Weathering the Storm(s) on Casco Bay

We’ve all heard someone say, “if you don’t like the weather, wait five minutes and it will change” when talking about Maine.  And this statement never rings more true than during the winter months.

For Portlanders, that rapid swing in weather can be attributed to the wide-blue expanse on the far side of Commercial Street – the Atlantic Ocean.

We sit in what meteorologists like to call a coastal weather zone, meaning that temperatures and precipitation are tempered by the ocean, so we get lower summer and higher winter temperatures. But that doesn’t mean that we’re immune to old man winter’s icy grip.

Each year Portland averages about 62 inches of snow and our average temperatures hover around the freezing mark from about December to mid-March.

Already this year we’ve survived some whopping snowstorms and a January cold-snap that threatened to freeze our faces. Good thing the cabins are heated and we Mainers are made of hearty stock. And while we’ve enjoyed a brief January thaw, we’re pretty sure Jack Frost isn’t even close to being done with us yet (fingers crossed Punxsutawney Phil predicts an early spring!).

When a storm is forecasted, a lot of people reach out to ask us if we plan to keep running. Generally, the answer is almost always yes! There is no “magic number” wind speed at which we cancel service.  And our island communities depend on us to get them to work and school.  So we approach every storm with our game face on.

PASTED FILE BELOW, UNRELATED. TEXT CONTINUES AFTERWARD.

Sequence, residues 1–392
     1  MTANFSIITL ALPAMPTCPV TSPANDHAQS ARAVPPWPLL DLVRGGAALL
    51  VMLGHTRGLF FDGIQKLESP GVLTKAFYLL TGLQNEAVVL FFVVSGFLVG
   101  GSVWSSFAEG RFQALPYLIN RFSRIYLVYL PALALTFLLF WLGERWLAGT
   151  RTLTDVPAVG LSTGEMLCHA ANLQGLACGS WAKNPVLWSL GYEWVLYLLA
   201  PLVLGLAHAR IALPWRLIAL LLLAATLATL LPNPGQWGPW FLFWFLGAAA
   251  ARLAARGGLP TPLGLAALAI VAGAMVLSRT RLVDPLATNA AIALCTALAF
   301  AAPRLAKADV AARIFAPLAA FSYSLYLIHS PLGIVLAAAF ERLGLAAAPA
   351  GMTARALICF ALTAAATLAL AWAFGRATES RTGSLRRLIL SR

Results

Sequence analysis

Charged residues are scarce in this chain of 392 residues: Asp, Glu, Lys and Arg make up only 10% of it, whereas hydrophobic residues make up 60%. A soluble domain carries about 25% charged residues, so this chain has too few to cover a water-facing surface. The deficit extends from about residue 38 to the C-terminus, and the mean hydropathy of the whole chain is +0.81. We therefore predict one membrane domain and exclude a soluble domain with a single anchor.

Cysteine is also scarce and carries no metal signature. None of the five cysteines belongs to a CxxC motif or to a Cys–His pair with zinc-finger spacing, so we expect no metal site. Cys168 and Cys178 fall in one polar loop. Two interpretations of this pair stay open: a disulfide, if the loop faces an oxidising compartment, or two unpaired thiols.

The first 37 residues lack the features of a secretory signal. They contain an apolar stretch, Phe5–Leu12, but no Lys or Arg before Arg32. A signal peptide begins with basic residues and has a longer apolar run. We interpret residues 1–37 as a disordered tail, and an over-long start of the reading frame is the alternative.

That being said, in major weather events, safety is the name of the game. And the Coast Guard has the ability to shut down the harbor or deem the conditions unsafe for operations.

So, what does all of this mean for our passengers? Because we make operations decisions on an hour-by-hour basis during stormy weather, it’s important to follow our Facebook page and sign up for our email list and text alerts. If you see nothing posted on the website or Facebook and have not received a text alert, you can safely assume we are running on time and on schedule. And if something does happen to change, we let you know across all of these channels as soon as possible.

On the bright side, there are less than 60 days until the first day of spring, and soon enough we’ll be basking in the glow of summer’s sunshine.

Stay warm everyone!